• February 21, 2016 - 5:50 pm

          Vaneetha - Amen, Mike. Love this:”living under suffering is living at the point of the spear–where the issue of faith and trust are crystalized and focused.”ReplyCancel

  • February 23, 2016 - 8:44 am

    Danelle - Hi Vaneetha! This is a wonderfully written perspective. I have not been able to put into words how my time alone after my ex left me more whole than I was before , but in a unique way through the pain and perspective. I can relate to you! Thanks for this beautiful lady. I pray all is well with you.ReplyCancel

  • February 26, 2016 - 10:38 pm

    Susan - Hello Vaneetha, I came across your blog through the Desiring God site, searching for a voice that would bring me hope and strengthen my faith during a time in my life where I feel like I’m living in the midst of a hurricane. Your voice, your words were the answer to a prayer today. Thank you for sharing. God is working through you.ReplyCancel

  • February 27, 2016 - 7:01 pm

    Katherine - Reading this post was like looking into a mirror. I too was the best student, then a high-achieving female engineer (in a man’s world), then I quit my career and threw myself into being a high-achieving homeschooling mom. God called us overseas to be missionaries and we moved to Africa. But then it all came crashing down. Our team experienced conflict and our mission agency asked us to go home. We have spent the last 10 years wandering, with God being silent. I know this process is God’s work but I don’t know how to get to the place you did, where you say that you found God was all you need. How did you find the path there?ReplyCancel

    • February 28, 2016 - 3:07 pm

      Vaneetha - I can imagine these past years have felt desolate, Katherine, feeling the silence of God. The path to finding that God was all I needed was borne out of desperation & failure, realizing there was nowhere else to turn. So I threw myself into the Word and prayer, spending time in silence, praying and listening for God. Reading the Bible and praying is honestly all I can say that changed me in terms of my actions. Of course, that was fueled by the Holy Spirit who actually does all the changing. I wrote this article for Desiring God that describes it in more detail. http://www.desiringgod.org/articles/the-loneliness-of-suffering

      Praying for you as I write this that God will meet you in an unmistakable way as you seek Him.ReplyCancel

  • June 17, 2016 - 10:18 pm

    Elizabeth Lynn - Thank you. I measured my life by the failures, trying to tout small accomplishments to make myself acceptable to myself and others. I still struggle. I have trouble trusting. Your article leads me to believe that there may be hope.ReplyCancel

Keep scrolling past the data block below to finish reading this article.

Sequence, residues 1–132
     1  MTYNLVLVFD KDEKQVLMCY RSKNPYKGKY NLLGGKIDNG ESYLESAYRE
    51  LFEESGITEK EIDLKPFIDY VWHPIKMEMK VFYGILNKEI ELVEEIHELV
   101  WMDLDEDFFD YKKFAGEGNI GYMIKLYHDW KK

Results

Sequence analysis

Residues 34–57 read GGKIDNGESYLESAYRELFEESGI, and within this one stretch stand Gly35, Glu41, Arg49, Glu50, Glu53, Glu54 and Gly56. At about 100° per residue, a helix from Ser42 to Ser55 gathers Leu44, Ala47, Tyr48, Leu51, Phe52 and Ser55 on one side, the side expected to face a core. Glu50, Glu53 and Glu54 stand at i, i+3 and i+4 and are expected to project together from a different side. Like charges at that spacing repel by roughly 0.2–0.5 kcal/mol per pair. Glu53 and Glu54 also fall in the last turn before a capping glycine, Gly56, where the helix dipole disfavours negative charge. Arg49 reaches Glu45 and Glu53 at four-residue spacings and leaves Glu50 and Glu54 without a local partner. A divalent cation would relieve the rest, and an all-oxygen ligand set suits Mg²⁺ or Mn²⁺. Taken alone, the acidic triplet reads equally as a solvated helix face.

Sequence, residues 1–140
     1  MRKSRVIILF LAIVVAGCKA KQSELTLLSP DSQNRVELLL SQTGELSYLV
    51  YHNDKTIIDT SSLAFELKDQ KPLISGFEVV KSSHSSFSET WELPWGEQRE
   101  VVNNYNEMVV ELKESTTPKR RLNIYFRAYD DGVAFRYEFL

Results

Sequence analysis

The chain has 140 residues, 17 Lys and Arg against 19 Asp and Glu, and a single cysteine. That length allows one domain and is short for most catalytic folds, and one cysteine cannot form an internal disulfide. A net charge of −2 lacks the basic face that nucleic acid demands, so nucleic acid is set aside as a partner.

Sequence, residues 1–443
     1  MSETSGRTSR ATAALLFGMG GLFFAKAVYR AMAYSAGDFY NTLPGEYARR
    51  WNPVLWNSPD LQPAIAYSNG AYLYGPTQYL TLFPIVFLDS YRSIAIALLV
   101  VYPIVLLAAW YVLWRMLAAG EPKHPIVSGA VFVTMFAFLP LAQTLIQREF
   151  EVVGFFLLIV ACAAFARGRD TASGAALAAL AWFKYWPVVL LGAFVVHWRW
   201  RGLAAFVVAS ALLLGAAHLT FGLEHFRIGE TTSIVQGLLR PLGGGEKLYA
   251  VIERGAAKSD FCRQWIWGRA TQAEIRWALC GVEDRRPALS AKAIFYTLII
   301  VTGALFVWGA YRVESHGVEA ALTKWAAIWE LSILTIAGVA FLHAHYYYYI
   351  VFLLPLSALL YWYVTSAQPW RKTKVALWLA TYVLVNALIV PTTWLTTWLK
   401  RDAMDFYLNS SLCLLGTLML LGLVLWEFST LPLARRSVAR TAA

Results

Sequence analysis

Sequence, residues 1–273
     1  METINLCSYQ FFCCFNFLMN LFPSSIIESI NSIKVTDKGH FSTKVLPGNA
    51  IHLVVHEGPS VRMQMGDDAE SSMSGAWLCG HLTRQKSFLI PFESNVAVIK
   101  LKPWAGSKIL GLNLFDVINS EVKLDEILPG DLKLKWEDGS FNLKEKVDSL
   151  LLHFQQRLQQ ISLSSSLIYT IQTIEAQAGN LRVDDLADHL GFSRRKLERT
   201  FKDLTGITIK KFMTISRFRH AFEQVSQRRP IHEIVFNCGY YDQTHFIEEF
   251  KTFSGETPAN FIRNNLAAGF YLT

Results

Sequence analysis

• June 19, 2016 - 4:28 pm

      Jan - OMGoodness! Elizabeth Lynn, you just described what I have and do still struggle with. But, I especially love the fight in your final statement. “Your article leads me to believe that there may be hope.” That shows that you haven’t and you are not going to give up. God bless you! Your comment has sparked even more hope in me. I know that you probably wonder how, but just know it has.

      BTW, did you know that the name Elizabeth means ” She who is chosen by God.”ReplyCancel

  • June 17, 2016 - 10:42 pm

    Jan - Wow. That’s all that I can say about this beautiful and powerful testimony. Thank you for letting God take you through your process. This has really blessed me this night!ReplyCancel

  • June 17, 2016 - 10:53 pm

    Laura - Awesome! I went through the same thing, and you are exactly right. Thanks for explaining it so clearly. Our previous lives might be gone, but God is so faithful. He has made all things new.ReplyCancel

  • June 18, 2016 - 12:20 pm

    AbigaiL - Dear Vaneetha, thank you for being so vulnerable and sharing your most painful experience. What an encouragement to read how God has made this path of suffering a path of true blessing! How powerful is this testimony of what His grace can do when we reach the limit of ourselves and turn to Him! Praise be to Him!!! 🙂ReplyCancel

  • May 23, 2017 - 2:23 pm

    Best Blogs for Christians with Chronic Illness and Pain | Life in Slow Motion - […] of my favorite posts are How to Discourage a Suffering Friend, The Blessing of Failure, and When the Detour Becomes the New Road. Go read them! You won’t be disappointed. She also […]ReplyCancel